Ken Livingstone's political future is still "genuinely up in the air", despite his confident predictions that he could be reinstated in the Labour Party this week.
Supporters of the Mayor of London are convinced that Labour's National Executive Committee, which will meet on Tuesday, is ready to issue the party's most famous prodigal son with an invitation to come back because all is forgiven.
Without Mr Livingstone, the London Labour Party will be forced to put up a candidate to run against him in next year's mayoral election, with a strong probability of that person ending in a humiliating fourth place. Nicky Gavron, the designated candidate, announced last week that she would rather run as Mr Livingstone's deputy.
But he still has powerful enemies in the Labour leadership, notably the Deputy Prime Minister, John Prescott, who would rather risk defeat in the mayoral election than have him back.
Michael Cashman, the former EastEnders star who is now a leading member of Labour's National Executive, has written to every Labour MP and MEP explaining why he intends to vote against re-admitting Mr Livingstone if the proposal is raised.The parliamentarians' responses to him indicated that they backed his position by a majority of about two to one, he said.
"The upholding of party rules is not just a London issue, it's a UK-wide issue," he said. "It's not something personal against Mr Livingstone, but if we break the rules for Ken, we set a very dangerous precedent.
"Apart from making it appear that Livingstone is above the rules, how do I square this with other people who were expelled from the party under the same rules?"
Mark Seddon, another member of the NEC, agreed that it would be unfair to give Mr Livingstone special treatment, but said he would vote for his readmission anyway. "There are thousands who have ripped up their cards in disgust at the Iraq war or other issues. I think we should have them all back," Mr Seddon said.
Officially, Mr Livingstone's future is not on the agenda for Tuesday's meeting, which has been called to appoint a new general secretary. But party officials say the agenda can be altered at the last minute, if Tony Blair and other party office holders want.
Aides travelling with the Prime Minister in Brussels said that he had not made up his mind whether he wanted Mr Livingstone back in the party.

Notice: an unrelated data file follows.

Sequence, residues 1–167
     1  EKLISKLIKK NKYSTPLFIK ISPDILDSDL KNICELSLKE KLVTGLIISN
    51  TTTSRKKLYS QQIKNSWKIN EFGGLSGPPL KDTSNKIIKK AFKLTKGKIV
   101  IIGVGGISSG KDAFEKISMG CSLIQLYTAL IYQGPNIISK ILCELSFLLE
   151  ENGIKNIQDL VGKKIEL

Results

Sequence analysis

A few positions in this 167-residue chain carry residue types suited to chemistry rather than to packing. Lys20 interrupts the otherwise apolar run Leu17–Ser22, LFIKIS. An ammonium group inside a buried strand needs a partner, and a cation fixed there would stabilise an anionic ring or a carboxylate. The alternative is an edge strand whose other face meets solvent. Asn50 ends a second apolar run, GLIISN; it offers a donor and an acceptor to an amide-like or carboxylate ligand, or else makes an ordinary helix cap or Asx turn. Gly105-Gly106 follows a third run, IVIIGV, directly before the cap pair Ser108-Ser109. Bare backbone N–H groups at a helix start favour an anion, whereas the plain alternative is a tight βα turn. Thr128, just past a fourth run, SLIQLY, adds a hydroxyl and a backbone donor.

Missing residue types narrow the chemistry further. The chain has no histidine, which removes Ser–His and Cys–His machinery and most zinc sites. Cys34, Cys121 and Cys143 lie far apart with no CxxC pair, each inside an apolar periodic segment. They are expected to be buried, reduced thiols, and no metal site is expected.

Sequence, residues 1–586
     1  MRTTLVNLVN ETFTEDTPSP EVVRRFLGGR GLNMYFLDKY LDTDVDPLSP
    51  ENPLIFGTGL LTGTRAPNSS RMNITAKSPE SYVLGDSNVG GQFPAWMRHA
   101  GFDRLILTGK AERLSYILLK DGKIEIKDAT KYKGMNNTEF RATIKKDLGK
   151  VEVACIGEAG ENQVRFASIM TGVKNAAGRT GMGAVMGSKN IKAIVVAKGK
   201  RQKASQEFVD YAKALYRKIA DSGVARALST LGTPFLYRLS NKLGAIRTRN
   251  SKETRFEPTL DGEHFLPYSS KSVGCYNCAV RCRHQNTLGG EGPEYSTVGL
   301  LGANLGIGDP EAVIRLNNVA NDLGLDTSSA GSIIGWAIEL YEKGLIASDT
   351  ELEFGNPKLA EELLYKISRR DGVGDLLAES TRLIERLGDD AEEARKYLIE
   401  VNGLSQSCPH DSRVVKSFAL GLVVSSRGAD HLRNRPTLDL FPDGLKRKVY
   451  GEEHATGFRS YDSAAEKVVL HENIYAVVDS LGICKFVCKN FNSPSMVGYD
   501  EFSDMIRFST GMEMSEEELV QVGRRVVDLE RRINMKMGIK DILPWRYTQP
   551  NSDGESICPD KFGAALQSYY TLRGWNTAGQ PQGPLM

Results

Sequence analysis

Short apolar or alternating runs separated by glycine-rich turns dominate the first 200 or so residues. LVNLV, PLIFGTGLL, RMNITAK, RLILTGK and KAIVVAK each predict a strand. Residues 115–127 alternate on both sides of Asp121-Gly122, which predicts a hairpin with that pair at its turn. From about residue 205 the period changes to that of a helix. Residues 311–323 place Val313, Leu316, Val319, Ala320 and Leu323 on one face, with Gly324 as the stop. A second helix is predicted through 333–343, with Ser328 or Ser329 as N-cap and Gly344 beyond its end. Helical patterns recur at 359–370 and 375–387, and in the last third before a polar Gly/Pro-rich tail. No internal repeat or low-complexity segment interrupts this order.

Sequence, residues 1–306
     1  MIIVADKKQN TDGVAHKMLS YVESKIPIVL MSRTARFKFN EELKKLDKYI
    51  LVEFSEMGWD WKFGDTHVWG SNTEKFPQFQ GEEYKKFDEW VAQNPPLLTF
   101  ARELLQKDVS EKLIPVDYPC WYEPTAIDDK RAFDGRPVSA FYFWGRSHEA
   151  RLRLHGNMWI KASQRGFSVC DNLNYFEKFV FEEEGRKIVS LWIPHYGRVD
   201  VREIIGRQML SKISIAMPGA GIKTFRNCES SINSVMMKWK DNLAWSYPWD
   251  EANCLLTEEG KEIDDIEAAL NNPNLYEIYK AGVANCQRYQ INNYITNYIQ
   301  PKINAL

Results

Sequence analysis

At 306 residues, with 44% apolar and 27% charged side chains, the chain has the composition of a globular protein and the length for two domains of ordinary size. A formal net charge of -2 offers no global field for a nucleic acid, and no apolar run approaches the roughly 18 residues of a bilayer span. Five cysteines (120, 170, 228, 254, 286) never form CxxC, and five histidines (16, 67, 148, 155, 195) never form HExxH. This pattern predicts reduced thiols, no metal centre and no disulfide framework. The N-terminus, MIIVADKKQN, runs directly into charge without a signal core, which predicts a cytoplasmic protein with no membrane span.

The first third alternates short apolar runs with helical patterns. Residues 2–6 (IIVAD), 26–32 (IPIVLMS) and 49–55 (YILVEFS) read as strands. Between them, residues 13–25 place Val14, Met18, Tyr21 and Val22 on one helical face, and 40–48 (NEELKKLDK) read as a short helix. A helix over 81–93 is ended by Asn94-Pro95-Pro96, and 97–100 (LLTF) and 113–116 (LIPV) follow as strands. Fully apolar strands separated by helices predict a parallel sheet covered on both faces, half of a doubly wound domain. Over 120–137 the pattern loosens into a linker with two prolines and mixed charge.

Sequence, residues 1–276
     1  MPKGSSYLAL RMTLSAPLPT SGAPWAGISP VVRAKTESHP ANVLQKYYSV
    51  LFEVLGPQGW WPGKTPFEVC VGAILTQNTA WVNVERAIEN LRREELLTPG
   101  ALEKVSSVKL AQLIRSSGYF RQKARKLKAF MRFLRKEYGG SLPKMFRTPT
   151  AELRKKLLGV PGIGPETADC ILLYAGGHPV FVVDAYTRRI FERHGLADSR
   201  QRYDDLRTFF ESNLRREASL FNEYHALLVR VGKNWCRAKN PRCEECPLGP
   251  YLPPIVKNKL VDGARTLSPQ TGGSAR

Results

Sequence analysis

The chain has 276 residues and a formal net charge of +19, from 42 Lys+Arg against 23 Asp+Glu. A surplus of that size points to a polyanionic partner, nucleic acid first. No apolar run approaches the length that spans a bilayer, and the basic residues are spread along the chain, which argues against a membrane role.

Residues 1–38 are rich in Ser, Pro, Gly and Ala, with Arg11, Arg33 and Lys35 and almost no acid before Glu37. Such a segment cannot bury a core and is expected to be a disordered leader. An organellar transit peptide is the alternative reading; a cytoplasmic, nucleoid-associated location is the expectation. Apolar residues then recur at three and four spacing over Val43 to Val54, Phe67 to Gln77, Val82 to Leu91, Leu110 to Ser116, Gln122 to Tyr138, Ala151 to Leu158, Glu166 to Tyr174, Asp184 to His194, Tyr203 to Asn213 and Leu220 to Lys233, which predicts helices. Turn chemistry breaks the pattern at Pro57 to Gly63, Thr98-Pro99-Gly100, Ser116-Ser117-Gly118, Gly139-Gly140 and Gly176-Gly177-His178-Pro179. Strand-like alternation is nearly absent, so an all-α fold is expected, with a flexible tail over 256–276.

Clive Soley, who played a key role in barring Mr Livingstone from standing as a Labour candidate in 2000, has now, reluctantly, joined those who are calling for his readmission. Without Mr Livingstone, Mr Soley and others fear that Labour will be soundly beaten in the London mayoral election, and that this could undermine the party's chances in elections for seats in the Greater London Assembly and the European Parliament.
"We have to bite on the bullet and let him back in, although it sticks in the throat a bit," Mr Soley said.
"It's partly about getting our party activists to come out and work in the election, because party morale in London is low, and a majority of the London members are in favour of him re-entering. It's also about getting voters to focus on voting Labour in the mayoral, Greater London Assembly and European elections."
As chairman of the parliamentary Labour Party, Mr Soley handled negotiations with Mr Livingstone four years ago, over whether he was going to be allowed to put his name forward as a possible Labour candidate.
Several of those known to have been opposed to Mr Livingstone's readmission have hinted that they are not going to put up a fight even though they have not changed their minds. Gordon Brown said last week that the decision should be left to the NEC. The Secretary of State for Education, Charles Clarke, who opposed Mr Livingstone's readmission when he was party chairman, has indicted that he does not want to intervene this time.
Mr Livingstone was automatically expelled for a minimum of five years when he ran against the official candidate, Frank Dobson. His campaign for reinstatement was strengthened by Ms Gavron's offer to pull out and run as his deputy. But sticklers for the rule book will point out that even if Ms Gavron pulls out, the former sports minister Tony Banks has a stronger claim under party rules as the runner-up in the contest to select a candidate.
Mr Banks said: "I really don't want to talk about bloody Ken Livingstone. I just frankly don't want to talk about him. Sorry."Reuse content